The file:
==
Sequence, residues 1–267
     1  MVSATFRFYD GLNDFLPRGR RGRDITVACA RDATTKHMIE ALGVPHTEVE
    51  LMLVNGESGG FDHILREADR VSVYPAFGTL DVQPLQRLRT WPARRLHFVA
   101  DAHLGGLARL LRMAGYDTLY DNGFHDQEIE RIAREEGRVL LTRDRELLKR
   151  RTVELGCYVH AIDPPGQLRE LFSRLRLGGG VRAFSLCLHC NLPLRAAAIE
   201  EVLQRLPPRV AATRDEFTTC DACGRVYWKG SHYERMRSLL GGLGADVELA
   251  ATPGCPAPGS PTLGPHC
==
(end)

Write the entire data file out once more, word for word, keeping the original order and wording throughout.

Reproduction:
Sequence, residues 1–267
     1  MVSATFRFYD GLNDFLPRGR RGRDITVACA RDATTKHMIE ALGVPHTEVE
    51  LMLVNGESGG FDHILREADR VSVYPAFGTL DVQPLQRLRT WPARRLHFVA
   101  DAHLGGLARL LRMAGYDTLY DNGFHDQEIE RIAREEGRVL LTRDRELLKR
   151  RTVELGCYVH AIDPPGQLRE LFSRLRLGGG VRAFSLCLHC NLPLRAAAIE
   201  EVLQRLPPRV AATRDEFTTC DACGRVYWKG SHYERMRSLL GGLGADVELA
   251  ATPGCPAPGS PTLGPHC